We have a finite amount of time. Whether short or long, it doesn’t matter. Life is to be lived.
I think that we all stand on the dartboard of life. Roughly 30,000 people a year are going to catch a dart labeled pancreatic cancer, and that’s unfortunate. It’s not what I would have chosen. But I in no way feel like I deserved it.
Make clear that people understand what your circumstances are. And looking for pity – that’s a mistake.
I’m dying, and I’m having fun.
I’m not going to beat the cancer. I tried really hard… but sometimes you’re just not going to beat the thing… I wanted to walk off the stage and say anything I thought was important; I had my hour.
If I could only give three words of advice, they would be, ‘Tell the truth.’ If I got three more words, I’d add, ‘All the time.’
We don’t beat the reaper by living longer, we beat the reaper by living well and living fully.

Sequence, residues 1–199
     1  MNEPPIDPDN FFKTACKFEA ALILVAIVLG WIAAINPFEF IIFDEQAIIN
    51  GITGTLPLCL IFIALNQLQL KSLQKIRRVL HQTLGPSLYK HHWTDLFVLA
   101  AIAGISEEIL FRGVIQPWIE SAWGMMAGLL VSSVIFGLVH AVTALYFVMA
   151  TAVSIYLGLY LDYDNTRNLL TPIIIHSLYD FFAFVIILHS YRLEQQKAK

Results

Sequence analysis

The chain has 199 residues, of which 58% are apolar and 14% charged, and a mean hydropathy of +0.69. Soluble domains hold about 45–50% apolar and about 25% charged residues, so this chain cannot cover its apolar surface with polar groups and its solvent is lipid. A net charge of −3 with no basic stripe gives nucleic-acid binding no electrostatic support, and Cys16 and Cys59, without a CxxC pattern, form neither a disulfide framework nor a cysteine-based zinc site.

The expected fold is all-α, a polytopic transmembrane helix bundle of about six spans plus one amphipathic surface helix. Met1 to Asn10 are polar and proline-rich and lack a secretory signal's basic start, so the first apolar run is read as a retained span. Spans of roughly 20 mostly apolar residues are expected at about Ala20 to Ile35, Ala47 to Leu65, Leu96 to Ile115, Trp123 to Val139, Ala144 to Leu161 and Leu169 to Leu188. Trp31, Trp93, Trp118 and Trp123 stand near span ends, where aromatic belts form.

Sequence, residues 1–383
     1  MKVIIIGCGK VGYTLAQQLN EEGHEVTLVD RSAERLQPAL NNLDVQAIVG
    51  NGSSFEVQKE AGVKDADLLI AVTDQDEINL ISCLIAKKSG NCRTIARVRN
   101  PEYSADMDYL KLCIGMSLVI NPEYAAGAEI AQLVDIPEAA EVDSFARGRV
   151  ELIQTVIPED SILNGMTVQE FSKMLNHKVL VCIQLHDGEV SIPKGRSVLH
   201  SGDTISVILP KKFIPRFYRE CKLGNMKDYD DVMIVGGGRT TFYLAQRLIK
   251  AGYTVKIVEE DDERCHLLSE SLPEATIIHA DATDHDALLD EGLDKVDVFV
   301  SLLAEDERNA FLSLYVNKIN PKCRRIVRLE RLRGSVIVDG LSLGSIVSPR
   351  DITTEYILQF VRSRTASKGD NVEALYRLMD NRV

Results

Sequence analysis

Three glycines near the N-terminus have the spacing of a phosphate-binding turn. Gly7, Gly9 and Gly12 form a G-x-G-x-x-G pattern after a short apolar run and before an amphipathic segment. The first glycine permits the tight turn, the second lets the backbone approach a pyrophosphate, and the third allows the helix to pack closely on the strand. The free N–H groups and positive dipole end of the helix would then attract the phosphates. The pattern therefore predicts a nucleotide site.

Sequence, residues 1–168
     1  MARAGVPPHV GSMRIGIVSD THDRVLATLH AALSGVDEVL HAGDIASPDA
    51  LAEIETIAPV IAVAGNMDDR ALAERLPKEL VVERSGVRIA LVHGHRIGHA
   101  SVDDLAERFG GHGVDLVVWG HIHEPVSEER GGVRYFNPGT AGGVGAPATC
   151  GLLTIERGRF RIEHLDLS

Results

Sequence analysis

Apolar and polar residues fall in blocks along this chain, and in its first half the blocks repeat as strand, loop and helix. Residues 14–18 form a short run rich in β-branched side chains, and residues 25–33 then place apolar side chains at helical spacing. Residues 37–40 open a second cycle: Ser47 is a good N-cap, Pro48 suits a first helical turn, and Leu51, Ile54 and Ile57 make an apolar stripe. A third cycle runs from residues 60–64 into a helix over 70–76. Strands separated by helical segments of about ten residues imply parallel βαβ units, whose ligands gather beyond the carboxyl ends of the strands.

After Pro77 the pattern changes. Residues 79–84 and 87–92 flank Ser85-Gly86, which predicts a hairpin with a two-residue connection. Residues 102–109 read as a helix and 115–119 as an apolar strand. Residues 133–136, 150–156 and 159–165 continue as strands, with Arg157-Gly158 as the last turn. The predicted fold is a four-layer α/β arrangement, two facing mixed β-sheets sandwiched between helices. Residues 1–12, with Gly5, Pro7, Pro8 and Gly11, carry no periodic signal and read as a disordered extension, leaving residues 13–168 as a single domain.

There’s an academic tradition called the ‘Last Lecture.’ Hypothetically, if you knew you were going to die and you had one last lecture, what would you say to your students? Well, for me, there’s an elephant in the room. And the elephant in the room, for me, it wasn’t hypothetical.
Work hard. I got tenure a year early. Junior faculty members used to say to me: ‘Wow, what’s your secret?’ I said: ‘It’s pretty simple. Call me any Friday night in my office at 10 o’clock, and I’ll tell you.’
I’ve never understood pity and self-pity as an emotion.